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SF Drinking Water Meets or Surpasses all State and Federal Standards

Calaveras Reservoir, East Bay (April 2024)
Calaveras Reservoir, East Bay (April 2024)

June 7, 2024

SFPUC Contact: 
Nancy Crowley 

SF Drinking Water Meets or Surpasses all State and Federal Standards

SFPUC Releases Annual Water Quality Report, Which Highlights Nearly 100,000 Water Tests in One Year


SAN FRANCISCO – For the 28th consecutive year, the San Francisco Public Utilities Commission (SFPUC) published its Annual Water Quality Report, now available online, showcasing its high-quality, reliable drinking water, which meets or exceeds all state and federal standards.

Calaveras Reservoir, East Bay (April 2024)
Calaveras Reservoir, East Bay (April 2024)

“The water we deliver to homes, businesses, and partner water agencies around the Bay Area is some of the best in the country,” said SFPUC General Manager Dennis Herrera. “We provide millions of Bay Area residents with clean and affordable drinking water to support their businesses, families, and livelihoods, which also saves them money because there is no need to buy bottled water or home water treatment devices. The nearly 100,000 drinking water tests we conducted this year on the supply for San Francisco alone confirm that we deliver some of the highest quality tap water in the country.”

More than 2.7 million residents in four Bay Area counties and thousands of businesses depend on the SFPUC for some or all of their drinking water. Access to clean water is essential for life and public health. San Francisco’s Hetch Hetchy Regional Water system has also been a key driver in the Bay Area's economic growth over the last 100 years, while helping to sustain Northern California's complex and diverse ecosystems. 

San Antonio Reservoir, East Bay (April 2024)
San Antonio Reservoir, East Bay (April 2024)

The SFPUC carefully manages the watershed lands that provide our source water. This includes partnering with the National Park Service for protecting the area around Hetch Hetchy Reservoir in Yosemite National Park, as well as protecting 60,000 acres of watershed lands in Alameda, Santa Clara, and San Mateo counties.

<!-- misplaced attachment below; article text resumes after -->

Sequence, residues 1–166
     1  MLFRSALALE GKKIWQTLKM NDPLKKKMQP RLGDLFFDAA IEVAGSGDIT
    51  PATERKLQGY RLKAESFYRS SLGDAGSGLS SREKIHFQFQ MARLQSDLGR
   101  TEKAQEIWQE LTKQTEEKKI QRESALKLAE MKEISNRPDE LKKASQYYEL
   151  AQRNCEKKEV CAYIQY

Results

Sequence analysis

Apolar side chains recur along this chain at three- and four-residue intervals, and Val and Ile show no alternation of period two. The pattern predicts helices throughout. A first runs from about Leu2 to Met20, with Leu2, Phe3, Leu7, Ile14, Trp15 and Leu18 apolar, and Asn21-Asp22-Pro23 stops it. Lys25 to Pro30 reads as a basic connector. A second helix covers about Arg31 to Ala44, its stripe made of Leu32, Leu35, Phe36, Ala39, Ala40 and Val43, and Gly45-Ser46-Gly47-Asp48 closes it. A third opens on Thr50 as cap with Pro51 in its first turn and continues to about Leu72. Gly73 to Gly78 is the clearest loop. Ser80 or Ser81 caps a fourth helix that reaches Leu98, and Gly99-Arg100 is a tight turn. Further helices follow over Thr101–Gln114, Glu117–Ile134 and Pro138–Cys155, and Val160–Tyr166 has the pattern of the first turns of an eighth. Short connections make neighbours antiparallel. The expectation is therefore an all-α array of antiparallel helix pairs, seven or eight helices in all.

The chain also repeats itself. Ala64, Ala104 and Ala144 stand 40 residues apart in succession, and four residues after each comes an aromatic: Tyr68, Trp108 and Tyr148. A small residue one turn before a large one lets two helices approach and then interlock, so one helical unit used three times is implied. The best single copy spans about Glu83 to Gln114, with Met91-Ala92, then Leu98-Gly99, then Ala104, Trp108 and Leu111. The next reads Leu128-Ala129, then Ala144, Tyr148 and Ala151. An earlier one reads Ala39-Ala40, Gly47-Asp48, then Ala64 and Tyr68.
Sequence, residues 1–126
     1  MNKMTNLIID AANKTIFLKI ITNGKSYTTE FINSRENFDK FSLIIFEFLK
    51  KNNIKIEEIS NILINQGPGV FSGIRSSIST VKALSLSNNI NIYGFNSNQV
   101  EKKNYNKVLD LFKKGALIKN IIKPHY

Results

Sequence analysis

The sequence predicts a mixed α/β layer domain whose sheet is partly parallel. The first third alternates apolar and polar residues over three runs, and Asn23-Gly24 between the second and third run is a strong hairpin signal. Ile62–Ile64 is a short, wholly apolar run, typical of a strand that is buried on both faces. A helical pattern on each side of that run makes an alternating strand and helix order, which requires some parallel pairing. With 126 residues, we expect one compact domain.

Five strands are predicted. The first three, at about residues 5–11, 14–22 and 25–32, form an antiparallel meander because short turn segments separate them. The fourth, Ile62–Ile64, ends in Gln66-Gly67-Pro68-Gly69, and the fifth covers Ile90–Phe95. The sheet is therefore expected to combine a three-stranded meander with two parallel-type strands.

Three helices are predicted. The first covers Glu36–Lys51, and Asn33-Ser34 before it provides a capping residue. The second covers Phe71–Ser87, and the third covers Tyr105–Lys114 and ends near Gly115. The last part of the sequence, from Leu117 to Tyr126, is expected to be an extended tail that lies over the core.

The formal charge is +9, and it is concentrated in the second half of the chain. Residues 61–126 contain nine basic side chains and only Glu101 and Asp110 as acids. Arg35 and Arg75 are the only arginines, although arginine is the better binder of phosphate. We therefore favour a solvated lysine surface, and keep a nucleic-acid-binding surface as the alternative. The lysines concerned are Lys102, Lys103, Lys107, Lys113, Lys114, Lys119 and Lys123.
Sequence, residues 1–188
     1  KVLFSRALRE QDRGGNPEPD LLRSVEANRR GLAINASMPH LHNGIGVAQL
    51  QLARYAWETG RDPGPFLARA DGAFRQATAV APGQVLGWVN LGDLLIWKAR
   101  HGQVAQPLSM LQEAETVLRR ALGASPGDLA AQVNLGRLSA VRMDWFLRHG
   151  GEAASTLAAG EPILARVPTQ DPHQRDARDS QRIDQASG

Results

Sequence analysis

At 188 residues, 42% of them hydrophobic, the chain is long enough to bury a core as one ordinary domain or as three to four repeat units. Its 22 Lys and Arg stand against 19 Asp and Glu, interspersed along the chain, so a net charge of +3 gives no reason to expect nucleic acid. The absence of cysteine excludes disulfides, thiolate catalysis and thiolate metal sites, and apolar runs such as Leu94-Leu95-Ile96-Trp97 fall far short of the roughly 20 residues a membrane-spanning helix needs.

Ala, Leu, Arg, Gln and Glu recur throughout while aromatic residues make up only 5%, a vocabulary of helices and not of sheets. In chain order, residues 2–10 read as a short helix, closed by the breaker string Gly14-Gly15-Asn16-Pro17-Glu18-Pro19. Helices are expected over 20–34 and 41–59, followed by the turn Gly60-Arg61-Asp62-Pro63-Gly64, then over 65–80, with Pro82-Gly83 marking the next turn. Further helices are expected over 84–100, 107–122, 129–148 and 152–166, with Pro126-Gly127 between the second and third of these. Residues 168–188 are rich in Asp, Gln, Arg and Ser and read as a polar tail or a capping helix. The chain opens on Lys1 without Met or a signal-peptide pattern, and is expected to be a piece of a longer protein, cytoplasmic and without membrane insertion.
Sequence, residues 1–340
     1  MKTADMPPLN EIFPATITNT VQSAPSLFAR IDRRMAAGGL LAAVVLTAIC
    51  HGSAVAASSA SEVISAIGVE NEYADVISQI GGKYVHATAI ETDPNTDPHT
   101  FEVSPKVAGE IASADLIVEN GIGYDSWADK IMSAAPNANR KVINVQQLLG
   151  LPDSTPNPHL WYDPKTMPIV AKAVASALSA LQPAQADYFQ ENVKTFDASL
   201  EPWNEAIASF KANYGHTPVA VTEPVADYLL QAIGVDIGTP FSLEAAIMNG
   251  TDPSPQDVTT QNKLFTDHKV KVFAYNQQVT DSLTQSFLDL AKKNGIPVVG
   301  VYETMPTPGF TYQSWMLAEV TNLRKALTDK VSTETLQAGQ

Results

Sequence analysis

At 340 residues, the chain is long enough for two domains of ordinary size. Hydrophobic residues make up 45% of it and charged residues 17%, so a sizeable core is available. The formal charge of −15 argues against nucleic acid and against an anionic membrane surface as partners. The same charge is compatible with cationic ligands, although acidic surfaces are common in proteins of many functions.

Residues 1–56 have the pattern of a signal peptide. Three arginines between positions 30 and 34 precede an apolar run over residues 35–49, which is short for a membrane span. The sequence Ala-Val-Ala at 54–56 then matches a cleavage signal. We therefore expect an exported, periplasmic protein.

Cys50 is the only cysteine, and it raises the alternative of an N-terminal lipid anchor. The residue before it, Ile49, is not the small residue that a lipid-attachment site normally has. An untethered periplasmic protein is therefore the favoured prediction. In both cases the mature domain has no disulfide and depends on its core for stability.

For example, our Peninsula watershed alone serves as a habitat for 800 species of plants and trees, 165 bird species, 50 mammal species, and other wildlife, many of which have disappeared from other parts of the Bay Area. That watershed protects at least six federally threatened or endangered wildlife species: the federally endangered mission blue butterfly, San Bruno elfin butterfly, and San Francisco garter snake, and the federally threatened California red-legged frog, steelhead trout, and marbled murrelet. By protecting these lands from development and nurturing a healthy watershed, we protect the environment and help ensure a high-quality water supply.

Turner Dam - San Antonio Reservoir April 2024
Turner Dam, San Antonio Reservoir, East Bay (April 2024)

The SFPUC regularly collects and tests drinking water at designated sampling points throughout San Francisco. On average, the SFPUC tests its drinking water more than 250 times a day. Licensed engineers and certified operators evaluate water for contaminants, including microbes, copper, lead, and disinfection byproducts. Once again, the SFPUC’s drinking water met or surpassed all federal and state requirements for these contaminants.

In addition, the SFPUC also conducted testing for per- and polyfluoroalkyl substances, known as PFAS. These human-made, persistent chemicals are used in a variety of industries and consumer products, including nonstick cookware, stain resistant clothing, and firefighting foam. They are sometimes referred to as “forever chemicals” because components of them break down very slowly over time.

After four consecutive quarters of monitoring at designated locations approved by the U.S. Environmental Protection Agency, the SFPUC did not detect PFAS in our water. 

The SFPUC recently mailed San Francisco customers a postcard link to the 12-page 2023 Water Quality Report. Learn more about the SFPUC’s tap water.

About the San Francisco Public Utilities Commission 

The San Francisco Public Utilities Commission is a department of the City and County of San Francisco. It delivers drinking water to 2.7 million people in the Bay Area, collects and treats wastewater for the City and County of San Francisco, and meets over 70 percent of the electricity demand in San Francisco. Our mission is to provide our customers with high-quality, efficient, and reliable water, power, and sewer services in a manner that values environmental and community interests and sustains the resources entrusted to our care. Learn more at